This tendency is also bad for U.S. credibility on trade policy generally. When, in the wake of the Qualcomm block, Washington proposed tariffs on a wide range of Chinese goods, including on the seemingly justifiable grounds of seeking to avoid the theft of trade secrets, Beijing was able to denounce Washington’s justification as, yet again, pretext.
Trump’s confusing stance on issues at the intersection of national security and commercial policy also makes it harder for U.S. companies to stand up for themselves. In May 2017, China passed a data-security regulation requiring that foreign firms intending to collect Chinese citizens’ personal data establish data farms in China, partner with Chinese firms to maintain the localized data, and cooperate with Chinese authorities should they wish to review even sensitive, personal data. It’s hard to imagine a more intrusive regulatory standard.
Yet Apple, seemingly worried about losing access to the Chinese market and its manufacturing base there, swiftly complied with Beijing’s demands. Given the Chinese regulation’s infringement on individual rights, much of the global community hoped that companies like Apple would resist. But, with Trump’s simultaneous invocations of national security as a pretext for protectionism, it’s hard for companies like Apple to contest similar excuses from foreign governments.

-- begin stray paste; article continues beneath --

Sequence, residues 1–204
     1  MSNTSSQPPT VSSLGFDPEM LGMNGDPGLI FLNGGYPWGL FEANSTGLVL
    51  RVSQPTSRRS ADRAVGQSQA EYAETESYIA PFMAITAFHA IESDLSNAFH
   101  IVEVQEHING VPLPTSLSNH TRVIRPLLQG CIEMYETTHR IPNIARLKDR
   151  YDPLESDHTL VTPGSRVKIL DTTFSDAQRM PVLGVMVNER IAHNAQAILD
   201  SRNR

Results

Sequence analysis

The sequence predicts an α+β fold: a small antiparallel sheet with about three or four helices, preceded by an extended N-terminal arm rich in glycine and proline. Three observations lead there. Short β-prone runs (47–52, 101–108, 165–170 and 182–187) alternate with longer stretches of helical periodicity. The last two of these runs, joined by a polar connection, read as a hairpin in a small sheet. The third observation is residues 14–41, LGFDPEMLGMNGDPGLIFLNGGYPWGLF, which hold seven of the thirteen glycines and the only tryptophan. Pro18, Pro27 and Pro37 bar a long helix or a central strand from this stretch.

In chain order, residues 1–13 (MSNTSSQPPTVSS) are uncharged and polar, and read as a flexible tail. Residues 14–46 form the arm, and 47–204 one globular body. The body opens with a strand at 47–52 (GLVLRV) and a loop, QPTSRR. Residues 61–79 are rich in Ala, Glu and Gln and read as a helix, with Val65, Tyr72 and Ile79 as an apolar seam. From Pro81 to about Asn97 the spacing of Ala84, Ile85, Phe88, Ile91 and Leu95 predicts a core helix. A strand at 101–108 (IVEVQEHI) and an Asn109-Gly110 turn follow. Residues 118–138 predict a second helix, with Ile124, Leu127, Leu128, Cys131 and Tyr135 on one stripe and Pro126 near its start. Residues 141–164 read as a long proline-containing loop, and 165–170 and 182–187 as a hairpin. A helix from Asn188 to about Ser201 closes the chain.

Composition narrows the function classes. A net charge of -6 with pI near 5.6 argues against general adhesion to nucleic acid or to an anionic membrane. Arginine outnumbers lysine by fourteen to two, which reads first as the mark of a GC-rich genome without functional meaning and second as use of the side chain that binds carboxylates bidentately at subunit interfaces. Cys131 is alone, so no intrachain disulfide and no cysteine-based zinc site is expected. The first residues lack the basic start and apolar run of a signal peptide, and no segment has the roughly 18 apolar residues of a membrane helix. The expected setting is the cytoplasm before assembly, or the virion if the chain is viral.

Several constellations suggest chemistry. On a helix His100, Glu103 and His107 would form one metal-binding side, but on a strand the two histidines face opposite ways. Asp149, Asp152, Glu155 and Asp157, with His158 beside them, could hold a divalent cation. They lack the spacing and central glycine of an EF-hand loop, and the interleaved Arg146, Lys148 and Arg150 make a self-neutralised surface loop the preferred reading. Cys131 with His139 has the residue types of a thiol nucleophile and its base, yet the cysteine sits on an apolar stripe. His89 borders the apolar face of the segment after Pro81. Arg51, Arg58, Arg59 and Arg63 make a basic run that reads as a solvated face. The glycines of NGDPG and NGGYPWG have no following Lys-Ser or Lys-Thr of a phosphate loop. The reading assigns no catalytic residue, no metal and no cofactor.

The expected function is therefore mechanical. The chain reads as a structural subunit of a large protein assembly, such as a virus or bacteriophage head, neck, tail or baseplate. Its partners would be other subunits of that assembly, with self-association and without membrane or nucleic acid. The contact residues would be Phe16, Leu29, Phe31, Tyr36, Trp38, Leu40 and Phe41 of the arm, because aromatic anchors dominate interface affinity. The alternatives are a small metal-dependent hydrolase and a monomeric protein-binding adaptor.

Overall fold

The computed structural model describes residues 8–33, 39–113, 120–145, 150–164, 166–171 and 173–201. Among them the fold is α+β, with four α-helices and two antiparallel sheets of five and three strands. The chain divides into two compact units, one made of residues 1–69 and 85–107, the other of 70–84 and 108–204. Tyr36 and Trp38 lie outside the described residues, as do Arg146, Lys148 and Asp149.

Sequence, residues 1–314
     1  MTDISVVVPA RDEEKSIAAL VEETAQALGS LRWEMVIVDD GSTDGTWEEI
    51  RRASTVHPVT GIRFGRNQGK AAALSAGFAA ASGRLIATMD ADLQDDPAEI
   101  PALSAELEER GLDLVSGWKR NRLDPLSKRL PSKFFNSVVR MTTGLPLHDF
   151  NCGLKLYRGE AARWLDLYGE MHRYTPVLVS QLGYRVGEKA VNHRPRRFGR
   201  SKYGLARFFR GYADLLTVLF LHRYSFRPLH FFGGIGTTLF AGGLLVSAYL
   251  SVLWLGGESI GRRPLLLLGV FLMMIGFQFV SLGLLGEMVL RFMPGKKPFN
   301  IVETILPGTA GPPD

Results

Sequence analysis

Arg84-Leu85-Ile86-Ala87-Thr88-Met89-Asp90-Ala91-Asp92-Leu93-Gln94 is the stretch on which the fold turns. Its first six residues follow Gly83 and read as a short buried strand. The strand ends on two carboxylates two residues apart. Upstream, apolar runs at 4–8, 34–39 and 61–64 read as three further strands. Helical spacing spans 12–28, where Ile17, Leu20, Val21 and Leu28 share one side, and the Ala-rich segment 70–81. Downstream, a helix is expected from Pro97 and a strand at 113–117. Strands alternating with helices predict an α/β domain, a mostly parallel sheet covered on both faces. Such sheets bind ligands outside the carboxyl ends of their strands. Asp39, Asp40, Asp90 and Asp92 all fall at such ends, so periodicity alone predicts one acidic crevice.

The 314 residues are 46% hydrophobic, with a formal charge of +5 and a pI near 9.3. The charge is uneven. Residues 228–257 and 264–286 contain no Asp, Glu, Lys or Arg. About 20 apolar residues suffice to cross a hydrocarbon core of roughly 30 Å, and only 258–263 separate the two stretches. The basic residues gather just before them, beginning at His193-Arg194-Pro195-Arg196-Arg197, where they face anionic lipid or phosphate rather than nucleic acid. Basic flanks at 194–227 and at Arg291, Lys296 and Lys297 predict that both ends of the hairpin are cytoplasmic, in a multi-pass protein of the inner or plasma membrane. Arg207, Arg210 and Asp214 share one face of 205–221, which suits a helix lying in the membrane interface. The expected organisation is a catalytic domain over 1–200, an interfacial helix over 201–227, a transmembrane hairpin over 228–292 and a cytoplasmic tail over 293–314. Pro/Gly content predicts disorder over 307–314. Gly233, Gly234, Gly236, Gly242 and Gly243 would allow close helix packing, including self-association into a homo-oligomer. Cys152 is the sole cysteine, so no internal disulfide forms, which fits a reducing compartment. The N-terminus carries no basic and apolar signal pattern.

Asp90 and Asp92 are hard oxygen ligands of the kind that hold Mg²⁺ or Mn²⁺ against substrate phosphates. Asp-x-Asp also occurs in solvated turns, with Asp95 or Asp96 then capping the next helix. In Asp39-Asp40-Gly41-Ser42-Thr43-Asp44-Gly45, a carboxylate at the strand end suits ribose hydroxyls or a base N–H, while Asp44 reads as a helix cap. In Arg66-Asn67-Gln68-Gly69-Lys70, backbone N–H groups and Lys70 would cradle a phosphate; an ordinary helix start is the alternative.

Going forward, the United States can regain its credibility both at home and abroad by restoring national-security justifications and trade reasoning to their respective spheres. This will require steering away from protectionism, especially when it’s pursued under the guise of national security, and back toward open investment and trade. Others have begun issuing a similar call on purely economic grounds—powerful ones on their own terms.
But it’s critical to issue that call on national-security grounds, too. There will be real threats to U.S. national security that demand invoking national-security concerns to halt transactions like the Qualcomm acquisition. The country needs the president’s credibility intact for those critical moments.
We want to hear what you think about this article. Submit a letter to the editor or write to firstname.lastname@example.org.